Appropriateness of Antibiotic Prophylaxis Before Dental Procedures, 2016–2018

Colin C. Hubbard, Charlesnika T. Evans, Gregory S. Calip, Jifang Zhou, Susan A. Rowan, Katie J. Suda*

*Corresponding author for this work

Research output: Contribution to journalArticlepeer-review


Introduction: Prescribing antibiotic prophylaxis is common yet unnecessary for many dental visits. In this analysis, our objective was to assess whether the appropriateness of antibiotic prophylaxis has improved over time. Methods: A retrospective cohort study was conducted using dental visits from 2016 to 2018 (data analyzed in 2021) using medical and prescriptions claims data of patients from the U.S. with commercial dental insurance. Antibiotic prophylaxis was defined as a ≤2 days’ supply prescription dispensed within 7 days before a dental visit. Appropriateness of prophylaxis was defined on the basis of the manipulation of the gingiva/tooth periapex or oral mucosa perforation in patients with appropriate cardiac diagnoses. Associations between patient and visit characteristics and appropriateness of antibiotic prophylaxis were assessed using multiple Poisson regression. Results: Unnecessary antibiotic prophylaxis was highly prevalent in this cohort, ranging from 77.0% in 2016 to 78.5% in 2018. In the adjusted analysis, factors associated with unnecessary antibiotic prophylaxis included younger age, female sex, geographic region, rurality, type of antibiotic, and certain dental procedures. The factors associated with the highest risk of unnecessary prophylaxis in the adjusted analysis were orthodontic procedures and having a history of a prosthetic joint. Notably, the risk of unnecessary antibiotic prophylaxis decreased over time in the adjusted analysis. Conclusions: Unnecessary prescription of antibiotic prophylaxis by dentists continues to be common. Antimicrobial stewardship strategies are needed to improve prescribing by dentists.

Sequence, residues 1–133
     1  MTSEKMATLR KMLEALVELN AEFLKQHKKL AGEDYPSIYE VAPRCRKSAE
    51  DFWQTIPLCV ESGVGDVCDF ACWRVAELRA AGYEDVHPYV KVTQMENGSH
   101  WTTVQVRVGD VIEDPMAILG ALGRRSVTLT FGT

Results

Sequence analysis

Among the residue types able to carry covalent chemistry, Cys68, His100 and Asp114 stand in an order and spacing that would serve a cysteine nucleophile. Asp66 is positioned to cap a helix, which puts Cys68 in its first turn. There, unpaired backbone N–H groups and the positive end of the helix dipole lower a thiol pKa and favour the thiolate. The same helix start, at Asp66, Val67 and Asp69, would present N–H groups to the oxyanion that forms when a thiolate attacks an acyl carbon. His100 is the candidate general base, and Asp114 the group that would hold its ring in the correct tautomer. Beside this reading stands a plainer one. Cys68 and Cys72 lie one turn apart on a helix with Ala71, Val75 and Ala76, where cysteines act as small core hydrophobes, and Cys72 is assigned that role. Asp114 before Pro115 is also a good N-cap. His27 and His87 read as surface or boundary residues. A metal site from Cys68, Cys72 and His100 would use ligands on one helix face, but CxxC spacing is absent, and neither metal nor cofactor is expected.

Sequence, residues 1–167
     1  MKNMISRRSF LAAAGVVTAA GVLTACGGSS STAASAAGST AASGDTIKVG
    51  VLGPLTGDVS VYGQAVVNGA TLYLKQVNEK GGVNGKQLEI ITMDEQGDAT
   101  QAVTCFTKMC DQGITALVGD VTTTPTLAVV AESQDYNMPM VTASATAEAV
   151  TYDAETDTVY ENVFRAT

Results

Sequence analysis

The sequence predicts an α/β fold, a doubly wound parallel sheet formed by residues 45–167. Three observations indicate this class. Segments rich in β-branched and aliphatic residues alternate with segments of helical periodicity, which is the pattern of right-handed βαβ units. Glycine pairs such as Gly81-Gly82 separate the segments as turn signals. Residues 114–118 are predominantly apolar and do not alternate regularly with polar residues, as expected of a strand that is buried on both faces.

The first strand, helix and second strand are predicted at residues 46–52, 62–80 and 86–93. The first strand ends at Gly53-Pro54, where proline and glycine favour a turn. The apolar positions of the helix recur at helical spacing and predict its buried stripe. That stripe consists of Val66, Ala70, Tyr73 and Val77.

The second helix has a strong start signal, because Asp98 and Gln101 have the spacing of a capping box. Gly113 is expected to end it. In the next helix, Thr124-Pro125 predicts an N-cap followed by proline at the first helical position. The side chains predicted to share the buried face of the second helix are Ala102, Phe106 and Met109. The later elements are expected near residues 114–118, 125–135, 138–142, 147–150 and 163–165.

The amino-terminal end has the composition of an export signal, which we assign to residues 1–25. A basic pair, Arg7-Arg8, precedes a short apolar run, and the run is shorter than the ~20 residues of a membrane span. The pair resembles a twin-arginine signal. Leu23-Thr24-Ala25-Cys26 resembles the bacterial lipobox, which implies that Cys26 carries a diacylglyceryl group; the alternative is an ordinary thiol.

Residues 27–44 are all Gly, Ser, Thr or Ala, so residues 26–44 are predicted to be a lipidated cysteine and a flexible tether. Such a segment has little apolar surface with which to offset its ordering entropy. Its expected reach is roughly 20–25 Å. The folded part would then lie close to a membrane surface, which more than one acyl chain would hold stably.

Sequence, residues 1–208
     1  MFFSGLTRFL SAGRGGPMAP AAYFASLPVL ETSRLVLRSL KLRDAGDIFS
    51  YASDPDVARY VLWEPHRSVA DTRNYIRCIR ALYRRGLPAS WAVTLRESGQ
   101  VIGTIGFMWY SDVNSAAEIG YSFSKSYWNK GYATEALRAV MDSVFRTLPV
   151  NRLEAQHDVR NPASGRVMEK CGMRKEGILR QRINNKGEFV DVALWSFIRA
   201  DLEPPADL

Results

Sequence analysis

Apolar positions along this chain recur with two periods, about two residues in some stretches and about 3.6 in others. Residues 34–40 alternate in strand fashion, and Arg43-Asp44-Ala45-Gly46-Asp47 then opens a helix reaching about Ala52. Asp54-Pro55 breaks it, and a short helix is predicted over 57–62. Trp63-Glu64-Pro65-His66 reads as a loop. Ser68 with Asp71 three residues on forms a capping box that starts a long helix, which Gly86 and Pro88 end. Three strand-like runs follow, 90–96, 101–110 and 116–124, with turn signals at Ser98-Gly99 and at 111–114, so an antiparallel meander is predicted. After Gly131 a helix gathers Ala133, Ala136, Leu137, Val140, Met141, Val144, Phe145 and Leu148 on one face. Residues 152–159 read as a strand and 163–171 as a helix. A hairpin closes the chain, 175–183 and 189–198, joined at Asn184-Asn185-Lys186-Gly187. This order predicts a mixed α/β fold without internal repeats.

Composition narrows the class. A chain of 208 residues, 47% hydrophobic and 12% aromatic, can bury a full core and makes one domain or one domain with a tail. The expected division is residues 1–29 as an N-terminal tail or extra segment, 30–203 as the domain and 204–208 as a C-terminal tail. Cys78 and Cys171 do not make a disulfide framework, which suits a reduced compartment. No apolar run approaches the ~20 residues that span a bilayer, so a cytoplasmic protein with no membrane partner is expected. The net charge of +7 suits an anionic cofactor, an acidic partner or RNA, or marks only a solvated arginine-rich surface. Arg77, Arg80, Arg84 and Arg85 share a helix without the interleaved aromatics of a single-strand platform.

Original languageEnglish (US)
Pages (from-to)943-948
Number of pages6
JournalAmerican Journal of Preventive Medicine
Issue number6
StatePublished - Jun 2022

ASJC Scopus subject areas

  • Epidemiology
  • Public Health, Environmental and Occupational Health


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